Evolution

The Gogo fish fossil 

World's Oldest Vertebrate Fossil Heart Found in Australia

The 380-million-year-old heart came from a prehistoric fish that is our earliest jawed ancestor

Sahelanthropus likely walked on the ground and used all its limbs to move around in trees.

Seven Million Years Ago, the Oldest Known Early Human Was Already Walking

Analysis of a femur fossil indicates that a key species could already move somewhat like us

By studying the throats of 43 primate species, researchers found they all had vocal membranes that destabilized their voices. Humans, on the other hand, do not.

The Evolutionary Trait That May Have Led to Human Speech

“Vocal membranes” in primates make their speech grating and unpredictable, study suggests. Humans have no such thing

Spotless starling chicks use a bright yellow oil to enhance the color of their mouth, which scientists verified by rubbing a cotton swab over the area.

The Done-Up Bird Gets the Worm

Starling chicks apply their preening oil as a lipstick to get more food from their parents

A sulphur-crested cockatoo bows down at the Madrid Zoo Aquarium. The birds have been seen dancing to music and opening trash bins to get to food.

What Can Dancing Cockatoos Teach Us About Ourselves?

An evolutionary biologist demystifies bird intelligence in an excerpt from her new book

Based on the remnants left on pottery fragments, researchers can say northern Europeans have been drinking milk for 9,000 years.

Why Did Europeans Evolve Into Becoming Lactose Tolerant?

Famine and disease from millennia ago likely spurred the rapid evolution of the trait on the continent

Qikiqtania wakei (top) was more suited to swimming than its larger cousin Tiktaalik (bottom).

After Fish Developed Limbs, Some Might Have Returned to Swimming

Scientists think a recently discovered fossil is evidence that evolution is more like a branching tree than a ladder

The current rate of climate change does not bode well for penguins.

Penguins Might Not Be Ready to Adapt to Modern Climate Change

A new study looking at genomes and the fossil record shows that penguins evolve slower than other birds

Researchers analyzed flint tools found at the Evron Quarry in Israel.

Cool Finds

When Did Early Humans Start Using Fire? To Find Answers, Scientists Enlist Artificial Intelligence

By analyzing flint tools, researchers find new evidence of an 800,000-year-old fire in northern Israel

A frog-eating bat

Wild Bats Can Recognize a Phone’s Ringtone Four Years Later

The findings could help researchers understand more about the advantages and disadvantages of long-term memory in animals

Horses have shaped human history over millennia, just as humans have influenced their evolution

When Did Humans Domesticate the Horse?

Only recently have scientists discovered exactly when and where the animal went from wild to tame

A new book, coedited by Smithsonian entomologist Ted Schultz, explores and the fascinating ways in which human and nonhuman farmers compare, and asks what we might learn from other agricultural species.

Could Ants, Termites and Fishes Make Humans Better Farmers?

Scientists are now revealing the agricultural expertise that other species have cultivated for tens of millions of years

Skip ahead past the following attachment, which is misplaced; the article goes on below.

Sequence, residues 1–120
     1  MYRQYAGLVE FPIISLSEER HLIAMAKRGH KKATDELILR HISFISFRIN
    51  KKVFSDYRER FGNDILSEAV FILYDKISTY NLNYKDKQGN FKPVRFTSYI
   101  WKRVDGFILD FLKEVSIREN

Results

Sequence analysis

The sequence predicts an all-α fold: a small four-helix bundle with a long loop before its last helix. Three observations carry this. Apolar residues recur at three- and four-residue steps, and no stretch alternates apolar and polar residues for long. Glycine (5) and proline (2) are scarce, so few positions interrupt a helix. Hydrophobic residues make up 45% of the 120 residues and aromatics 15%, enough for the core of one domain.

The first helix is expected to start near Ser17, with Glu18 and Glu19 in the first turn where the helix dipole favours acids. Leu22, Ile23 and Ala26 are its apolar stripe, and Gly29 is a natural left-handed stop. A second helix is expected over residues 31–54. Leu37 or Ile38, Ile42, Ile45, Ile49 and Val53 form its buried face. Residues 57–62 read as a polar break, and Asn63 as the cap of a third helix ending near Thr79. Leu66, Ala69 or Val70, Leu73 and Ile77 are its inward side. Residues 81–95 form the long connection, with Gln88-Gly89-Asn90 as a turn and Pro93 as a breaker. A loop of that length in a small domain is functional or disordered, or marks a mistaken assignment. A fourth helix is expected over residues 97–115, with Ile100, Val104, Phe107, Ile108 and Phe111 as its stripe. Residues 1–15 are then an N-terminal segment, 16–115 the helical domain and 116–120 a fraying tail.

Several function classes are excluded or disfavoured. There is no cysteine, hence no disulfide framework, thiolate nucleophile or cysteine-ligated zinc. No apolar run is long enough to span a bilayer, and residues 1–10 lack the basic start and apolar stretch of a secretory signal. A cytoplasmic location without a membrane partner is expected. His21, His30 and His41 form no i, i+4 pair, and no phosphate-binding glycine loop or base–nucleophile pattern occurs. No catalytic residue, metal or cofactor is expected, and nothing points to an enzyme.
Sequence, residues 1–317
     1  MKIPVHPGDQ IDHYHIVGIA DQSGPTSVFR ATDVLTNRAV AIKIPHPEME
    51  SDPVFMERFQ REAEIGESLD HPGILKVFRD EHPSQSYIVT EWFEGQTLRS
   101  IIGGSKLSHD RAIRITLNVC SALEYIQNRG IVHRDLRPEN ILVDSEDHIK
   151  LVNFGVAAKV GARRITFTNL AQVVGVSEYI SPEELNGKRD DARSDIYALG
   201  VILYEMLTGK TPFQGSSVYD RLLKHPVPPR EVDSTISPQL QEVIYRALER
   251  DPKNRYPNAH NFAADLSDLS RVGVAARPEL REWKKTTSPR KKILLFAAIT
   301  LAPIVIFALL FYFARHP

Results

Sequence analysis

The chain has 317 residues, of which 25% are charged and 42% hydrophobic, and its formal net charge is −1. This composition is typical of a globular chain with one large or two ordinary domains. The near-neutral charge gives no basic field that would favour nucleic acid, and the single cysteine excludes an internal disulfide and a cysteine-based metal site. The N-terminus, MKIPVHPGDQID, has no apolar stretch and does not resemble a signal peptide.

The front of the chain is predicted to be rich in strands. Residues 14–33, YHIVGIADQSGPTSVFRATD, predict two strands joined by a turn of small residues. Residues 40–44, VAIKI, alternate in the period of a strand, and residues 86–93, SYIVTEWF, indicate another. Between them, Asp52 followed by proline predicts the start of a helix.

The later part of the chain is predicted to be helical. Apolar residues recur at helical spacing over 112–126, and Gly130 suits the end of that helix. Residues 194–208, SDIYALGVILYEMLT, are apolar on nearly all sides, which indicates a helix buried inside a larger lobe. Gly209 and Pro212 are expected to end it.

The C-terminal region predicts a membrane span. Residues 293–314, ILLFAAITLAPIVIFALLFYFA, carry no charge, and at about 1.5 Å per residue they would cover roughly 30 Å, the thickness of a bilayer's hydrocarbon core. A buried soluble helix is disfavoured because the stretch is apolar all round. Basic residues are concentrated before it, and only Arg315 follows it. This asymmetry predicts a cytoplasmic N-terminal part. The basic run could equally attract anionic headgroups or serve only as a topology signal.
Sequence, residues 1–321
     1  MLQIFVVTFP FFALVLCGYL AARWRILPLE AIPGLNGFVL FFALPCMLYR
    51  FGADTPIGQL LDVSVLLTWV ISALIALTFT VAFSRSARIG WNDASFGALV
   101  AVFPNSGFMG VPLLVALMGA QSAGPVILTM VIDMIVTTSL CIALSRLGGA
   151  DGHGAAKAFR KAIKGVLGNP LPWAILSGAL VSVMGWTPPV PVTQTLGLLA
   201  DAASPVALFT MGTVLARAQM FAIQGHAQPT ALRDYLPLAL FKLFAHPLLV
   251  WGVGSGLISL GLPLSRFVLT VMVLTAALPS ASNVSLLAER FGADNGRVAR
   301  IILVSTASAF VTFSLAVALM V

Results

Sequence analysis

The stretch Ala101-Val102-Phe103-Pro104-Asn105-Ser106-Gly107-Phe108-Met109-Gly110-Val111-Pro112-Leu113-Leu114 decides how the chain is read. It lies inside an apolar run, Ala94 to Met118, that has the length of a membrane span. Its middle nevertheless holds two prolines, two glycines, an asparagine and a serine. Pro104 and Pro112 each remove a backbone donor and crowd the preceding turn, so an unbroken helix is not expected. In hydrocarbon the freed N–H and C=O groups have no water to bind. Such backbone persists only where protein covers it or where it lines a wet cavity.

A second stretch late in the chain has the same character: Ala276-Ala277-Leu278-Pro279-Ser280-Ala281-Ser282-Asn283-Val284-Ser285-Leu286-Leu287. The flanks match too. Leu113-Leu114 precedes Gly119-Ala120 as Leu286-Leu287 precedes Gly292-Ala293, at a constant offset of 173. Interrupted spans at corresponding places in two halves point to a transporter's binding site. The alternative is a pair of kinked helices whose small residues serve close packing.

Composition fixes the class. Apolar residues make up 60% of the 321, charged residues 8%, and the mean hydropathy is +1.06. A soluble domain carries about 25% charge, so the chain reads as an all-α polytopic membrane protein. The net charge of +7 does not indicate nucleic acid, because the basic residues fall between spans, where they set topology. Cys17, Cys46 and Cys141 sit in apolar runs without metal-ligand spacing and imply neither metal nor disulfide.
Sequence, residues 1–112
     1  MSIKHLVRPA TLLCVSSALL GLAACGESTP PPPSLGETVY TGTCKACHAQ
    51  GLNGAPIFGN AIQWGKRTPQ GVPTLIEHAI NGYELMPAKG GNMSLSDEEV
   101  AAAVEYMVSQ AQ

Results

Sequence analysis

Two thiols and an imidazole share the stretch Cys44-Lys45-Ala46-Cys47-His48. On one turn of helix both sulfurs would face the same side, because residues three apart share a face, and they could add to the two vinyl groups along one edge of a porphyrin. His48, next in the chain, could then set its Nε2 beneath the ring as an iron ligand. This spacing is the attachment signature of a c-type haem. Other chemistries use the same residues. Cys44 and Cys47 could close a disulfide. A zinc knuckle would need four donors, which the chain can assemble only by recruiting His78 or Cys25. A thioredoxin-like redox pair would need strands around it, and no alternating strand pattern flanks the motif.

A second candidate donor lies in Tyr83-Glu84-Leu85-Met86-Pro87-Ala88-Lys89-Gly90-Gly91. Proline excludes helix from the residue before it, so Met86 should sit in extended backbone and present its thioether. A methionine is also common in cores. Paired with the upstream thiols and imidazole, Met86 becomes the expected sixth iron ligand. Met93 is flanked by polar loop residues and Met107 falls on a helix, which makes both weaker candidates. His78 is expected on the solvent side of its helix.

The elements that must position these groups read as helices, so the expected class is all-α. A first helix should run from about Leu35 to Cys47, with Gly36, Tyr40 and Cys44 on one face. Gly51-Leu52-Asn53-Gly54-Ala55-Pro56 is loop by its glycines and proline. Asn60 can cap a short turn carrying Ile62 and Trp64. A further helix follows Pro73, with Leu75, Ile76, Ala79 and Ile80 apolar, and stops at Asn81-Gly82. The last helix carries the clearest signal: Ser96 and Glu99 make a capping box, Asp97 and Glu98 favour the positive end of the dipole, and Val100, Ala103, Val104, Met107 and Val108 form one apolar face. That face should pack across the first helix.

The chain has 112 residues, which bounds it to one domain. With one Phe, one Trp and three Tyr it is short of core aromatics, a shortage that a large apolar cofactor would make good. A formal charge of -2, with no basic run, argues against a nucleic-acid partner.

Homo heidelbergensis, a species whose skull is pictured here, likely lived in regions that overlapped with Neanderthals in Europe and Homo sapiens in Africa—according to climate modeling results released this week.

How Did Climate Change Affect Ancient Humans?

Sophisticated climate models were paired with evidence from the archaeological record to reveal where ancient humans may have lived and evolved

The muscles that allow for the "puppy-dog eyes" in domestic dogs is undeveloped in wolves, suggesting that the adorable look evolved to captivate humans. (Pictured: The author's dog, Smoky.)

The Science Behind Those Big Ol' Puppy-Dog Eyes

Our canine friends evolved extra muscle fibers around their eyes and mouths that allow them to make facial expressions humans find adorable

A page from Darwin's 1837 notebook showing the Tree of Life sketch.

Good News

Stolen Charles Darwin Notebooks Returned After 22 Years

One of the items contains the renowned naturalist's first sketch of the Tree of Life

Fossil skeleton of the owl Miosurnia diurna, which was active during the day.

This Ancient Owl Hunted in the Daytime

The fossil evidence fills a gap in these birds' evolutionary history

A female Bornean orangutan carrying her son in Central Kalimantan, Borneo, Indonesia.

Orangutan's Vocabularies Are Shaped by Socializing With Others, Just Like Humans

A new study reveals apes have distinct and flexible 'vocal personalities,' opposed to a fixed repertoire of calls

The lady-bug-sized spiders live in colonies of thousands are rarely leave the safety of their web.

These Spiders Hunt in Packs to Catch Prey Hundreds of Times Their Size

New research reveals how some arachnids use a coordinated stop-and-start approach to find a meal

Draughtsboard sharks apparently snooze with their eyes open or closed depending on the amount of surrounding light.

Sharks Apparently Do Sleep, Even With Their Eyes Wide Open

Scientists observed sleep in draughtsboard sharks by analyzing the animals' metabolism and posture

An illustration of S. bideni, which is the oldest known cephalopod to have suckers along all of its arms.

Ancient Ten-Armed Octopus Relative Named for Joe Biden

The discovery of 'Syllipsimopodi bideni' pushes back the fossil record of the vampyropods by over 82 million years

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